Global food trade can alleviate water scarcity - Read More…

Global food markets: Climate impacts would be more costly than bioenergy effects

Global food markets: Climate impacts would be more costly than bioenergy effects

01/15/2014 - Ambitious greenhouse-gas mitigation consistent with the 2 degrees target is likely to require substantial amounts of bioenergy as part of the future energy mix. Though this does not come without risks, global food markets would be affected much more by unmitigated climate change than by an increased bioenergy demand, a study led by scientists from the Potsdam Institute for Climate Impact Research (PIK) now finds. Agricultural prices could be about 25 percent higher in 2050 through direct climate impacts on crop yields in comparison to a reference scenario without climate change. By way of contrast, a high bioenergy demand as part of a scenario with ambitious mitigation appears to raise prices only about 5 percent.

Global food markets: Climate impacts would be more costly than bioenergy effects - Read More…

Recognizing the Elephant in the Room: Future Climate Impacts across Sectors

Recognizing the Elephant in the Room: Future Climate Impacts across Sectors

12/16/2013 - A pioneering collaboration within the international scientific community has provided comprehensive projections of climate change effects, ranging from water scarcity to risks to crop yields. This interdisciplinary effort, employing extensive model inter-comparisons, allows research gaps to be identified, whilst producing the most robust possible findings. The results provide crucial insights for decision-making regarding mitigation efforts in the face of potential impact cascades. The analyses are to be published in a special feature of the Proceedings of the National Academy of Sciences that assembles the first results of the Inter-Sectoral Impact Model Intercomparison Project (ISI-MIP), which aims at bringing research on climate impacts onto a new level.

Recognizing the Elephant in the Room: Future Climate Impacts across Sectors - Read More…

PIK wins Potsdam Congress Award

PIK wins Potsdam Congress Award

11/15/2013 - In two categories at once, the Potsdam Institute for Climate Impact Research has won the Potsdam Congress Award 2013. PIK´s international climate impacts conference “Impacts World 2013” as well as the „Global Sustainability Summer School“ that PIK has organized together with the Institute for Advanced Sustainability Studies (IASS) twice already were honoured by Potsdam´s mayor Jann Jacobs at the Potsdam convention center.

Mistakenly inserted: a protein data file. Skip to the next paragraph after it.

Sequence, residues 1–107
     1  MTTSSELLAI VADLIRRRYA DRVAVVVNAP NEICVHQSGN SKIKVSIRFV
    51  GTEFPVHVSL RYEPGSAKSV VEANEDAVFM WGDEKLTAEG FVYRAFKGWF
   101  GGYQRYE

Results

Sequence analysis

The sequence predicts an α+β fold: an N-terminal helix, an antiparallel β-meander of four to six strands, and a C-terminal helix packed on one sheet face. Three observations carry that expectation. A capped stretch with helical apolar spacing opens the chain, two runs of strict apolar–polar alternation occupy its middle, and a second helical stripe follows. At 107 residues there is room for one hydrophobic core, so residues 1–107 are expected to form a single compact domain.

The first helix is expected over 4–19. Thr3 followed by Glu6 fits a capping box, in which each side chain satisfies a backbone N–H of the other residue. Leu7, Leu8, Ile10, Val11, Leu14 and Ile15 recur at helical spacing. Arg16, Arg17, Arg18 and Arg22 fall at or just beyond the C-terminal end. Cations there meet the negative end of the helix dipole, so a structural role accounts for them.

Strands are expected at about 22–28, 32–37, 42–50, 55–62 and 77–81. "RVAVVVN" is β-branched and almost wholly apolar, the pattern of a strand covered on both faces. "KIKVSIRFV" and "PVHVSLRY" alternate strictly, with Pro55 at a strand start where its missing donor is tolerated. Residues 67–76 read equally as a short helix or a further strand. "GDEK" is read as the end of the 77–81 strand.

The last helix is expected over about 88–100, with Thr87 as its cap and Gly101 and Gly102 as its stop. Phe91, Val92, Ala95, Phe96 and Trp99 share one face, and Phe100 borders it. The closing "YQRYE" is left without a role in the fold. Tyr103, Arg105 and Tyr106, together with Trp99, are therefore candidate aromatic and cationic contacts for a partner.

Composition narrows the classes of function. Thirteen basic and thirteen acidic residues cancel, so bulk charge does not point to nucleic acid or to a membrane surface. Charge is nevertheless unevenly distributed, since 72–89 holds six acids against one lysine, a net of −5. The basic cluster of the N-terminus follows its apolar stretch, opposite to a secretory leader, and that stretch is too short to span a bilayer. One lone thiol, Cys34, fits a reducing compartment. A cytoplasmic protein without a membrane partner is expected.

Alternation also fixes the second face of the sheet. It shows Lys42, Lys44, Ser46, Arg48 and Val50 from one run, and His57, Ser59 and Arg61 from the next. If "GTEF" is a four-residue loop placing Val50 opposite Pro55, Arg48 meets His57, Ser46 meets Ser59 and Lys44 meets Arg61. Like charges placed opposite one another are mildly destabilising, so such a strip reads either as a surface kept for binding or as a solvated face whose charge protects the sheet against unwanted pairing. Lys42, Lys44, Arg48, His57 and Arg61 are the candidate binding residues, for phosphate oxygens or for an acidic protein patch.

PIK wins Potsdam Congress Award - Read More…

Cities show characteristic heat island effects

Cities show characteristic heat island effects

10/23/2013 - Cities heat up stronger than the rural regions surrounding them – and if climate change continues, this will become a risk for the inhabitants. On the basis of satellite data, researchers have now more comprehensively than ever before investigated this so-called heat island effect for thousands of cities in Europe. This effect can be noticed in everyday life: If you ride your bicycle from the green surroundings into a city on a hot day, you will often notice a temperature change. The larger a city is, the stronger is the effect, previous studies assumed. Now scientists could for the first time show that the urban heat island effect is in fact increasing with the size of the city – yet only up to a certain threshold value. The analysis revealed that even large cities are getting hotter than their surrounding by only two to three degrees on the average.

Cities show characteristic heat island effects - Read More…

World Summit of Agriculture Experts

World Summit of Agriculture Experts

10/16/2013 - The “World Food Prize” is considered as something like the Nobel Prize of Agricultural Science. It will be awarded within the framework of the Borlaug Dialogue Symposium starting today, where numerous internationally renowned experts from science, politics and economy will meet. Among the speakers is also Hermann Lotze-Campen from the Potsdam Institute for Climate Impact Research (PIK).

World Summit of Agriculture Experts - Read More…

Water management in China: High-ranking delegation discusses with scientists

Water management in China: High-ranking delegation discusses with scientists

09/16/2013 - A high-ranking group of Chinese experts visited the Potsdam Institute for Climate Impact Research (PIK) for discussions about water management under the conditions of climate change. The Haihe River Commission's delegation was led by its General Director Ren Xianshao, who is directly linked to the Ministry of Water Resources of the People’s Republic. Both sides discussed how a new cooperation project on the river basin of Luan can be realised. This river basin supplies Tianjin with water – the third largest city of China.

Water management in China: High-ranking delegation discusses with scientists - Read More…